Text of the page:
A lesson sharper than scissors

I confess. I stole the scissors ... Grandma's scissors. They were in her crayon box that she kept for the grandchildren, and I was six years old. They fit my small hand perfectly, and I could cut anything. I could make all sorts of shapes, and I could also make paper chains. If only the scissors were mine....

Suddenly they were mine. They were in my shorts' pocket. If I stood straight, they did not pierce into my leg. No one knew.

That night I could not sleep. It seemed like the middle of the night, but was probably between 9 and 10 in the evening. I had to confess. How could I be such a terrible, horrible, awful person to steal scissors from my own Grandma? I needed to call her right then and confess. Mom told me to go back to sleep, though, and we would call in the morning. It was a very long night. It was the longest night, and I was such a horrible person. I needed to confess.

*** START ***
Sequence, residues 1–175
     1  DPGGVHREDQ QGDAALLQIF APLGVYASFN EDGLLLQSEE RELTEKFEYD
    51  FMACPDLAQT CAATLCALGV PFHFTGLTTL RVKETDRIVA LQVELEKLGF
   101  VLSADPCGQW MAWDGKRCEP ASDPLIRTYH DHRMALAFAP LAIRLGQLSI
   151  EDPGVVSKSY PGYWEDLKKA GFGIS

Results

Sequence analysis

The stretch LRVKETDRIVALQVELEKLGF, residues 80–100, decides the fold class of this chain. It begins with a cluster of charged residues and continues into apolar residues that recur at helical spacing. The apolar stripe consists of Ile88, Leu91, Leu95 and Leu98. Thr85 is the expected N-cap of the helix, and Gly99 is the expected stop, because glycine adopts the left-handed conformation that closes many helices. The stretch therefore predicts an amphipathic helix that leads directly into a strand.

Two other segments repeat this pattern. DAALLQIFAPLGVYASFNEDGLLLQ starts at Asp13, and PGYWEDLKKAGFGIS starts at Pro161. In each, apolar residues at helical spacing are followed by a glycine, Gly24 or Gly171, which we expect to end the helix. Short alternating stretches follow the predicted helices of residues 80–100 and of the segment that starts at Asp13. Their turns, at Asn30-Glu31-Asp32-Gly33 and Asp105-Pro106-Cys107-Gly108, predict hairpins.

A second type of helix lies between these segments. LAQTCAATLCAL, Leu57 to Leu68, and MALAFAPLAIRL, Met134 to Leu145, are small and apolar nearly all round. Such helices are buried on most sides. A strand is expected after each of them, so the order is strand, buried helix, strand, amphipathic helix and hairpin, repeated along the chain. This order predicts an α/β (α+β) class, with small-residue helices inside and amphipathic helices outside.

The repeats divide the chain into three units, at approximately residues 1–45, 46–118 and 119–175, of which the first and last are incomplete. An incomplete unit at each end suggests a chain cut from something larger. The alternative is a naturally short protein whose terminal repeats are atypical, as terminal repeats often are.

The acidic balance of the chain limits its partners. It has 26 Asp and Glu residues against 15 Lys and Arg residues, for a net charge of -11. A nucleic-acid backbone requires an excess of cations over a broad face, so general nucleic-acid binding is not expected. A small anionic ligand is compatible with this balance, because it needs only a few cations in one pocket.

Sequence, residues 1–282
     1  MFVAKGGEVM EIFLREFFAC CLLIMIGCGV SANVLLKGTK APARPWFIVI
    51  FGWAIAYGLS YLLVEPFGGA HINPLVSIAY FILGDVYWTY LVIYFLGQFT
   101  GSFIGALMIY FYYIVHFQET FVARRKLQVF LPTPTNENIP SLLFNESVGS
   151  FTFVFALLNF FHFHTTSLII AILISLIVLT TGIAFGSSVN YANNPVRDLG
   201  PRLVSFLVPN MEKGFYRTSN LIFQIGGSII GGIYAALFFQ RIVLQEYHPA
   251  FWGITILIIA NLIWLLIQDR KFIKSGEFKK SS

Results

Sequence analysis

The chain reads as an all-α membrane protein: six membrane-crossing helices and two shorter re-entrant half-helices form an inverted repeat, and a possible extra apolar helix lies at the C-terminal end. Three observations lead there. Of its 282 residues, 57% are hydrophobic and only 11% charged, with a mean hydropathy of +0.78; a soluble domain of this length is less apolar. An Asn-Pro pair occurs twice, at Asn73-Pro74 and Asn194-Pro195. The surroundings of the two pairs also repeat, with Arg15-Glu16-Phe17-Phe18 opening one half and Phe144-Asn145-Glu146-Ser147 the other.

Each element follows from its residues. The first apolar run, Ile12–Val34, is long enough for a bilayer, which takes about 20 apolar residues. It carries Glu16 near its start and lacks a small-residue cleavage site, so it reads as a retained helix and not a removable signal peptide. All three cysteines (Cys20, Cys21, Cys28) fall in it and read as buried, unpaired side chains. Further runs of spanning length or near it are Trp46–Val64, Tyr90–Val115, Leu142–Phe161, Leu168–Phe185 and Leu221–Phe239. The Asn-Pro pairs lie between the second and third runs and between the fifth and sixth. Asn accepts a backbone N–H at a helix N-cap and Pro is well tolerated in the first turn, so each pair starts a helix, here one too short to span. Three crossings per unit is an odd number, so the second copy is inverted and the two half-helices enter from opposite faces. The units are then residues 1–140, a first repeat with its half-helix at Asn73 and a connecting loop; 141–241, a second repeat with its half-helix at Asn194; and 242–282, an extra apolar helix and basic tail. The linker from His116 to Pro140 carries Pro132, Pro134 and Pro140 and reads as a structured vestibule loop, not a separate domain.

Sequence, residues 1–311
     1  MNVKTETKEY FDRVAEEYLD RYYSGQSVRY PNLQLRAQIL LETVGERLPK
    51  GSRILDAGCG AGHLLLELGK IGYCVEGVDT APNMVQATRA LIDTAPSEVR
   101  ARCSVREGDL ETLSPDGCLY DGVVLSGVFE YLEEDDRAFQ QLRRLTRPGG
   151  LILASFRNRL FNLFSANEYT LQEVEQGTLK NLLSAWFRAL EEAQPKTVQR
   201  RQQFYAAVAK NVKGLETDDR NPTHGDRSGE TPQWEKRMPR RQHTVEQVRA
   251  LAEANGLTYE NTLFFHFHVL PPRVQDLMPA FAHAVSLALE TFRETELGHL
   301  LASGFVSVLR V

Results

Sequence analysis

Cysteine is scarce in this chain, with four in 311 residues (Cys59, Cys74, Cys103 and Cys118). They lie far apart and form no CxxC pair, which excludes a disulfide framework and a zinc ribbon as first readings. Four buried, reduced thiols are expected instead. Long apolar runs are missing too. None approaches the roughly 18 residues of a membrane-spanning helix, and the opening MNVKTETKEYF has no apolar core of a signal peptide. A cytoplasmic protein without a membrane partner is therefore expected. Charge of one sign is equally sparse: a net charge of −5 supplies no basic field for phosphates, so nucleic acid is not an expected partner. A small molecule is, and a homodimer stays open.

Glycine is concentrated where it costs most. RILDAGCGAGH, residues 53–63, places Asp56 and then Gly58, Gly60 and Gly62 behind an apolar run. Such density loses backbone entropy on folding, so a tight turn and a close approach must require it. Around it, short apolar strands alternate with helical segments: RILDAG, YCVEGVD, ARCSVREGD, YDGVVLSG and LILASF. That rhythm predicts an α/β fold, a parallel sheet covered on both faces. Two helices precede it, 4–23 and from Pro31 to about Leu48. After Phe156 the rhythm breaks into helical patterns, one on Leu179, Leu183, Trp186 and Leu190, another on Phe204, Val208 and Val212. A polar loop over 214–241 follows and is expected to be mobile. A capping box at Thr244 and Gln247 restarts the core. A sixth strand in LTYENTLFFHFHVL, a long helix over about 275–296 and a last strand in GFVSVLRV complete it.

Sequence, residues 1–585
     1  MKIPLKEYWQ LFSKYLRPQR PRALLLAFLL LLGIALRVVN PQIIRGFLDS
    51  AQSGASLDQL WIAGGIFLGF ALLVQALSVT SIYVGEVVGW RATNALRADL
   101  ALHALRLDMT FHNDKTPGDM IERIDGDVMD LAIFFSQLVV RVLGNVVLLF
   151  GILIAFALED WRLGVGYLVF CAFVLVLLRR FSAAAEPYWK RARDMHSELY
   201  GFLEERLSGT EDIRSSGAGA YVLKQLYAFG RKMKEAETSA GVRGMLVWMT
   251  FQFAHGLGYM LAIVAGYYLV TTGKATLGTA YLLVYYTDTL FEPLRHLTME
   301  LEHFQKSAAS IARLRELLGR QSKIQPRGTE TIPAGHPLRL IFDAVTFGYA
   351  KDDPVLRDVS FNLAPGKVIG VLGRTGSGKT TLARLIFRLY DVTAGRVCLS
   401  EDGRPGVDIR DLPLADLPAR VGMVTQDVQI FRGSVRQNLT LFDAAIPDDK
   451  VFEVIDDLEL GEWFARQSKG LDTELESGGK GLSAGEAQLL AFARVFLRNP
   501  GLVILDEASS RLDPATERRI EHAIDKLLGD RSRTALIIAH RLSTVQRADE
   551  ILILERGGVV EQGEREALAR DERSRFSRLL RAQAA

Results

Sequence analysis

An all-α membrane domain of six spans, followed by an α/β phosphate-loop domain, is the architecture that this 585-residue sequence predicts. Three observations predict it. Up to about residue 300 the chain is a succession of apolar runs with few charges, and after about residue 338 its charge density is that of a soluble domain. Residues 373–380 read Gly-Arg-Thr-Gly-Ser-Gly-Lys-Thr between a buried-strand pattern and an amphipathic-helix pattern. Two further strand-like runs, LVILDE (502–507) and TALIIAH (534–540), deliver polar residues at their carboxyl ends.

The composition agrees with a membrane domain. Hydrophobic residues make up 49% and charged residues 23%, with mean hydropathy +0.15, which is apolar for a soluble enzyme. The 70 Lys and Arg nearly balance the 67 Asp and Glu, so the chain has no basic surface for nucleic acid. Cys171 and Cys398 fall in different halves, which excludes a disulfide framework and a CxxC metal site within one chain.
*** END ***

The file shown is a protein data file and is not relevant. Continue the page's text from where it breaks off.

In the morning I dialed the number. "Aye," Grandma answered the phone. "Grandma, I stole your scissors. It's Barbie, and I stole the scissors from the crayon box."

"I am proud that you called me," she said. "Keep the scissors. They are yours."

I still have the scissors in my sewing box. They no longer work, so I no longer use them; but I keep them to remind me of the power of forgiveness.

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